According to a new study, only one serving of a certain cuisine can increase your risk of stroke by 8%.

A STROKE is a life-threatening medical disorder in which part of the brain’s blood supply is cut off. A new study indicated that adding one more serving of a certain dish to your daily diet can increase your risk by 8%.

Strokes are a medical emergency in which the brain’s blood supply is restricted or cut off. It necessitates a quick response to minimise the body’s damage. The face falling and inability to grin, or your lips or eye may have lowered, are the first warning symptoms. Fortunately, by modifying your diet, you can reduce your risk. It’s also true in the other direction.

A new study presented at the American Heart Association’s Scientific Sessions 2021 confirms this.

The risk of stroke was increased by eating more total red meat, processed red meat, and non-dairy animal fat, but the risk was reduced by eating more vegetable fat or polyunsaturated fat.

The study is the first to examine the impact of fat obtained from vegetable, dairy, and non-dairy animal sources on stroke risk.

“Our findings suggest that the type of fat and different food sources of fat are more important than total dietary fat in the prevention of cardiovascular disease, including stroke,” said Fenglei Wang, PhD, the study’s lead author and a postdoctoral fellow in the department of nutrition at Harvard’s T.H. Chan School of Public Health in Boston.

The researchers looked at 27 years of data from 117,136 people who took part in the Nurses’ Health Study (1984-2016) and the Health Professionals Follow-up Study (1986-2016), two of the largest studies looking at risk factors for chronic diseases.

Participants were on average 50 years old, 63 per cent of whom were women, 97 per cent of whom were white, and all of whom were clear of heart disease and cancer at the time of enrollment.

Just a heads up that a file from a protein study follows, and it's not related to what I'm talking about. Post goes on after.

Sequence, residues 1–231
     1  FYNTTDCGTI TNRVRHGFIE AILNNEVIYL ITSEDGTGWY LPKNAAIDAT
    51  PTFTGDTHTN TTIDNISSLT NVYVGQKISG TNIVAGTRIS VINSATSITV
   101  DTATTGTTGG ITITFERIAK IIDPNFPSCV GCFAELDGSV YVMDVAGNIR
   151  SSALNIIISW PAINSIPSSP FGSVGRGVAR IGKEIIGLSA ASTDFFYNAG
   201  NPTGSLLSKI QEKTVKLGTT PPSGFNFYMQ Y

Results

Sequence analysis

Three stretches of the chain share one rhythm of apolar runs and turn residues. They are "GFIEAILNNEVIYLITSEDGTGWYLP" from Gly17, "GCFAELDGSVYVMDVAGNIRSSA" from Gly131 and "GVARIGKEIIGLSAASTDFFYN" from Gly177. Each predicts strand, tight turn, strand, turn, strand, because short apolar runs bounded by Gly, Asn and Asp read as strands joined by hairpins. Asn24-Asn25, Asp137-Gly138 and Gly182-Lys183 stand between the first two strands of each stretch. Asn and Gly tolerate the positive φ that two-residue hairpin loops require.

Participants completed food frequency questionnaires at the start of the study and every four years thereafter to calculate the amount, source, and kinds of fat in their meals over the previous year.

To reflect long-term dietary intake, the researchers calculated the cumulative average of the dietary data throughout time. The amount of fat consumed was separated into five quintiles.

Total red meat was defined as beef, pork, or lamb served as a main dish, in sandwiches or mixed dishes, as well as processed red meats.

Bacon, sausage, bologna, hot dogs, salami, and other processed red meats were among the processed red meats.

One of the most alarming findings of the study was that eating one more serving of total red meat per day increased the risk of stroke by 8% while eating one more serving of processed red meat increased the risk by 12%.

Other findings included: -Those in the highest quintile of non-dairy animal fat intake were 16 per cent more likely to have a stroke than those in the lowest quintile; -Dairy fat in products like cheese, butter, milk, ice cream, and cream was not associated with a higher risk of stroke; -Dairy fat in products like cheese, butter, milk, ice cream, and cream was not associated with a higher risk of stroke; -Dairy fat in products
-Those who consumed the most vegetable fat and polyunsaturated fat were 12 per cent less likely to have a stroke than those who consumed the least.

A pan-European survey found that there is a considerable movement toward plant-based eating taking place across the continent, according to the report.

More than 7,500 people in ten European countries (Austria, Denmark, France, Germany, Italy, Netherlands, Poland, Romania, Spain, UK) were polled about their attitudes toward plant-based foods, their trust in such products, their current consumption habits, the key drivers of their food choices, and a variety of other topics in the alternative protein field.

Plant-based eating accounted for 7% of respondents, whereas 30% of those polled adopted a flexitarian diet.

Treatment for a stroke
Stroke treatment that is effective can prevent long-term disability and perhaps save lives.

Treatment options vary depending on whether a stroke is caused by:
A blood clot is obstructing blood flow to the brain (ischaemic stroke)
Brain bleeds or bleeds surrounding the brain (haemorrhagic stroke).

The NHS states, “Treatment normally involves taking one or more different medicines, although some people may also require surgery.”

“A combination of drugs is usually suggested if you have had an ischemic stroke to treat the problem and prevent it from happening again.”

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